August 19, 2008

Making the mental shift from being irresponsible DINKs to responsible parents is much more difficult in some respects than I’d ever imagined.

As irresponsible DINKs, we never had much of a medicine cabinet at home. Perhaps a couple of ancient band-aids, some disinfectant, maybe some Crocin/Disprin (basically paracetamol) tablets and that was about it. We rarely fell ill, and when we did, we had the luxury of waiting it out, or of rushing off to the doctor or hospital at any time whatsoever. If one of us was out, the other could go alone, but we usually went along with each other. It wasn’t anything we had to think about or plan for.

With kids, it’s different. I learnt long ago to keep painkiller, fever, cough, diarrhea, and vomiting medicines handy, along with copious quantities of disinfectant and a good stock of band-aids. (Laxatives and suppositories were recently added to this stock.) Once a doctor recommends a general medicine for one of the girls, it goes into their medicine cabinet and remains part of my stock, as long as I know the dosage.

On the numerous occasions that Amit and I have had to visit a doctor since the advent of the kids, we have almost always gone alone. It’s the only practical way to do it. The other person stays home and holds fort. It requires a bit of coordination – specially if I’m the one visiting the doc – but it still doesn’t require too much thought.

Last night, I realized that we can’t go on this way at all.

It was 1.30 at night, it was raining, the kids were blissfully asleep, and I had an earache.

Rather, I had the mother of all earaches.

I’ve suffered a couple of really bad migraines in my life, some terrible menstrual cramps in my adolescent years, and a fractured leg which I walked on for a week (without painkillers) before going to a doctor. I’d love to say that the earache beat all of those prior pain experiences hands-down, but, because the memory of pain is always so much less than the pain itself, I’ll say just this much – it was way up there along with the worst of them. I had no idea that an ear could even hurt that much. It felt like the whole left side of my face was swollen and heavy and red and ready to burst, but, much to my mystification, there was absolutely no external manifestation of the pain. I remember that the evening I broke my leg, I kept it still and straight in bed, and I actually slept. Soundly, albeit with interruptions of sudden pain. But with the earache, not only did I not sleep, I couldn’t even let Amit sleep, poor fellow.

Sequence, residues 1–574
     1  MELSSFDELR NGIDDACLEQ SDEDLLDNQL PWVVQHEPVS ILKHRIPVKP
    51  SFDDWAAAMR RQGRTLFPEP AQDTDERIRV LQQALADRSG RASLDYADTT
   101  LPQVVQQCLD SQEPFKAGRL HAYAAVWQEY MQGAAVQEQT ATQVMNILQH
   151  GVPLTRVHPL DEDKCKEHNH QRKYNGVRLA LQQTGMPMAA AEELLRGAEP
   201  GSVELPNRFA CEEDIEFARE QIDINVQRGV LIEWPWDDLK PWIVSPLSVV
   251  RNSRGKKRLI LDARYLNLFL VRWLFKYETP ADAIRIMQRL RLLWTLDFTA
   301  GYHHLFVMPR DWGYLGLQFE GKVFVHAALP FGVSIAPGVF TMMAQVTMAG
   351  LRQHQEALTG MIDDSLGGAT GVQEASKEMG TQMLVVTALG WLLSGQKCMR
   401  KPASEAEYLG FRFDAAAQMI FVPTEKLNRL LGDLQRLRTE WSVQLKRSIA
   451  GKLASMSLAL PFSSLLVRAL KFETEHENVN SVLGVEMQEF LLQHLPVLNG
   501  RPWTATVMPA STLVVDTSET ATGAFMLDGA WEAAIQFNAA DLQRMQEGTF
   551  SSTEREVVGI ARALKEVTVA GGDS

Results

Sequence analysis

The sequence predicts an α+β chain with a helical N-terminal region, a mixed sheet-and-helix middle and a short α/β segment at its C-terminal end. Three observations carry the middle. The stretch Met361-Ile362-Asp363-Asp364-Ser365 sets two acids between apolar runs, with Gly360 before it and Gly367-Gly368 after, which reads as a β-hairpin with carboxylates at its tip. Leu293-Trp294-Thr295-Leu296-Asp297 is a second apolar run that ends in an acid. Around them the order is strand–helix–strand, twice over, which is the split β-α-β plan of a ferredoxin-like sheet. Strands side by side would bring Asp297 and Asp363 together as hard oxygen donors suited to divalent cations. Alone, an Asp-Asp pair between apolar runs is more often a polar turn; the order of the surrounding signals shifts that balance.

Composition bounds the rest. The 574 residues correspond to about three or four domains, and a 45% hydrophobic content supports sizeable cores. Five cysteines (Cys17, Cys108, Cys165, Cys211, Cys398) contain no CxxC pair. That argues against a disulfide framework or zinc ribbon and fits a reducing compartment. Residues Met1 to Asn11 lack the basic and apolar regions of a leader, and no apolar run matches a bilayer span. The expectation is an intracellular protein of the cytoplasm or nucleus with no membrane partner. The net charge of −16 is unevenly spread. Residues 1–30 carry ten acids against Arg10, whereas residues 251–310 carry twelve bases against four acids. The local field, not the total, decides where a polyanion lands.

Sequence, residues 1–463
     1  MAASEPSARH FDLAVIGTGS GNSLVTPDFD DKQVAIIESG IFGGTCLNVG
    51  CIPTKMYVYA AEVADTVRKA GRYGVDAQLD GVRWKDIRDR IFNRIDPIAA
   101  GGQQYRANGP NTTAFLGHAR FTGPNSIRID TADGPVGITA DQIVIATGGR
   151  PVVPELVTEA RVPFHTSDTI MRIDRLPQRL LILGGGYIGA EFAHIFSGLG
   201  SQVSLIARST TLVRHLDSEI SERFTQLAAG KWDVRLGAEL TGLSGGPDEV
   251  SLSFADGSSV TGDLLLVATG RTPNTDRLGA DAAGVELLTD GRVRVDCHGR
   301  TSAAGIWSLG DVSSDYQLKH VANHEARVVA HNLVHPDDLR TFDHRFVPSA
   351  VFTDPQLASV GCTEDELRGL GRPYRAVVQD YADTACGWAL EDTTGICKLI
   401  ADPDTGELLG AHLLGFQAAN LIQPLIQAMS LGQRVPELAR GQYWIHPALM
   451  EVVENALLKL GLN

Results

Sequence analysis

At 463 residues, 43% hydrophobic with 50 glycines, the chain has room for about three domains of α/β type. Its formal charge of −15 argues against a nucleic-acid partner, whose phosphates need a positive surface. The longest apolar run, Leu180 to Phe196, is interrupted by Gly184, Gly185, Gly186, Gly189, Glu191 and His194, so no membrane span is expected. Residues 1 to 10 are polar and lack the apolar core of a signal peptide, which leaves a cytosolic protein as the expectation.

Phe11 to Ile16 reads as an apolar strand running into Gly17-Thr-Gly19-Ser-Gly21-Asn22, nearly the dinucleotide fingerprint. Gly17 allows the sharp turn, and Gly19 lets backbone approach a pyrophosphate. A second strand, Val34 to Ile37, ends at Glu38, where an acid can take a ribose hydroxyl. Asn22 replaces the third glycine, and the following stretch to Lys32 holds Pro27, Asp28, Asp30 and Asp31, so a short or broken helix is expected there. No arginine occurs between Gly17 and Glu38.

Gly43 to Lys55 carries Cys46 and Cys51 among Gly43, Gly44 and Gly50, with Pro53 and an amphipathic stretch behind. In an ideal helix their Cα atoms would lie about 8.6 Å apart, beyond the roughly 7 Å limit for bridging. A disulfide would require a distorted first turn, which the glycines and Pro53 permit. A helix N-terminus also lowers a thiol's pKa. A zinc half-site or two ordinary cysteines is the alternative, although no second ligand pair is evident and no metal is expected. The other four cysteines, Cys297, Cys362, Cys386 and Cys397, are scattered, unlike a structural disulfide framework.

He raided the medical kit. But he found no painkillers! I’m generally against taking pills, especially painkillers, but if we’d had a brufen I’d have swallowed it and begged for more, it was that bad. I have no idea whether painkillers work with earaches, but if he had even offered me a digestive tablet and told me it was a painkiller, I’d have swallowed it. In the end, all we had was Crocin, so I swallowed that and waited. At that point, the pain was so bad, especially if I tried to lie down, that I was convinced I should go to hospital right away, even if I had to go alone. Or worse, even if I had to lug Amit and the kids along. The thought of waiting it out till morning, still a good 7 hours away, was completely intolerable.

There was nothing else I could do, so I tried steam inhalation. It must have helped, or the Crocin must have kicked in, because the pain abated enough that I could stop moaning. I could even carry on a sane conversation. A while later, it was bearable enough so that I could lie down, and when I did, thankfully, I slept.

So after all that, when I finally went to the doctor in the afternoon, do you know what he said? “There’s too much wax in your ear, I can’t see anything, use these drops three times a day and come back after five days.”

Five days!? No treatment for five whole days!?

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